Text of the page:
A February post on Urban Agriculture prompted some great comments and unlocked a few resources previously unknown to me. One included the Urban Farm mapping project Dott07. As posted by David Barrie, the project is "...a map of an 'edible' town in the North of England."
:: image via David Barrie
Via David Barrie: "The map proposes a landscape plan for Middlesbrough that integrates productive, urban agricultural landscape in to the future strategic planning of the town. The spatial vision is built on where local people grew food as part of an urban agriculture project that I led there."
This reminds me of a former project of mine and still thriving phenomenon of green maps which have a strong urban agriculture component. There are some localized techniques, as well as new business models - which have significant ramifications on urban form, ala Farmadelphia.
In a true example of Synchronicity, this post and my own urban ag post happening almost simultaneously - each picking up some loose edges the other missed. Together, it's a good survey of the urban ag terrain. One idea that was presented was more resources on roof-farming, via BLDGBLOG. Whoa!
:: images via BLDGBLOGVia BLDGBLOG, "Swiss Cheese City... proposes that "vacancy in cities" is really "a starting point for a new urban form." Accordingly, the project hopes to "generate new possibilities from holes in the built fabric," such as "Special Cultivation Zones (SCZs)."Special Cultivation Zones are an urban land-bank, defined by "temporary boundaries within which land can’t be bought or sold, and emerging skills, social networks and locally-grown produce are cultivated in the ‘vacant’ city fabric."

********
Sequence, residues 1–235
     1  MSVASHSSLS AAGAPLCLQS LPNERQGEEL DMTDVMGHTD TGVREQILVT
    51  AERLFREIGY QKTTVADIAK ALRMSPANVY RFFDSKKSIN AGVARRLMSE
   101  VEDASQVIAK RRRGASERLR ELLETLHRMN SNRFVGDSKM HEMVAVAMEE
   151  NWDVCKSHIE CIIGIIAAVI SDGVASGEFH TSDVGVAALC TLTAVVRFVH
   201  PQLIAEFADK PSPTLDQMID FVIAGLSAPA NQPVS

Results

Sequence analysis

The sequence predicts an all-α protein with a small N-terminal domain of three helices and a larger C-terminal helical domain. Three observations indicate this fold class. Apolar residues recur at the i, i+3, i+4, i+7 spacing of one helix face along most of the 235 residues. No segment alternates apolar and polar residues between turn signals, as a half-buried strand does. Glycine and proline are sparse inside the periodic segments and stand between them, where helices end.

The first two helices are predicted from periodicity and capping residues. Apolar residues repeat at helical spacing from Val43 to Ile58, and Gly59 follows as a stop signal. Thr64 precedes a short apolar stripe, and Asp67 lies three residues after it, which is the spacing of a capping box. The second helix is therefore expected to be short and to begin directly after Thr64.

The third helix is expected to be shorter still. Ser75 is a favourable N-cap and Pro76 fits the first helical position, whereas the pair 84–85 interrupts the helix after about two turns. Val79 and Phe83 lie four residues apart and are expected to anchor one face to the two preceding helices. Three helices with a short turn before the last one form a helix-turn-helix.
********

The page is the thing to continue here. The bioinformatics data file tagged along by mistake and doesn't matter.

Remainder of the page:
Another, much more elegant designs (than the Sin-City or Portland versions) of high-rise agriculture from London with a similar name: 'The Vertical Farm Project' offers some sleek building forms that are reminiscent of the Knafo Kilmor building.
:: images via The Vertical Farm Project
In this journey, I also stumbled on Pruned's former use of the term 'Arbortecture' via Flickr regarding 'plants growing out of buildings'. This is a powerful precedent, albeit focussed more on the somewhat accidental - to my own vocabulary addition of Vegitecture... very, very cool - and I will post some Arbortecture favs soon.
:: Arbortecture - via Flickr, Keaggy
Also a recent occurence, I did find one additional reference to Vegitecture, in an essay by Michael Sorkin from 1979, in an issue of WET, the Magazine of 'Gourmet Bathing'. ? Anyone have a clue where to get a copy of that? This makes sense, as Michael Sorkin Studio and spin-off Terreform have strong, er, roots - in Vegetated Architecture.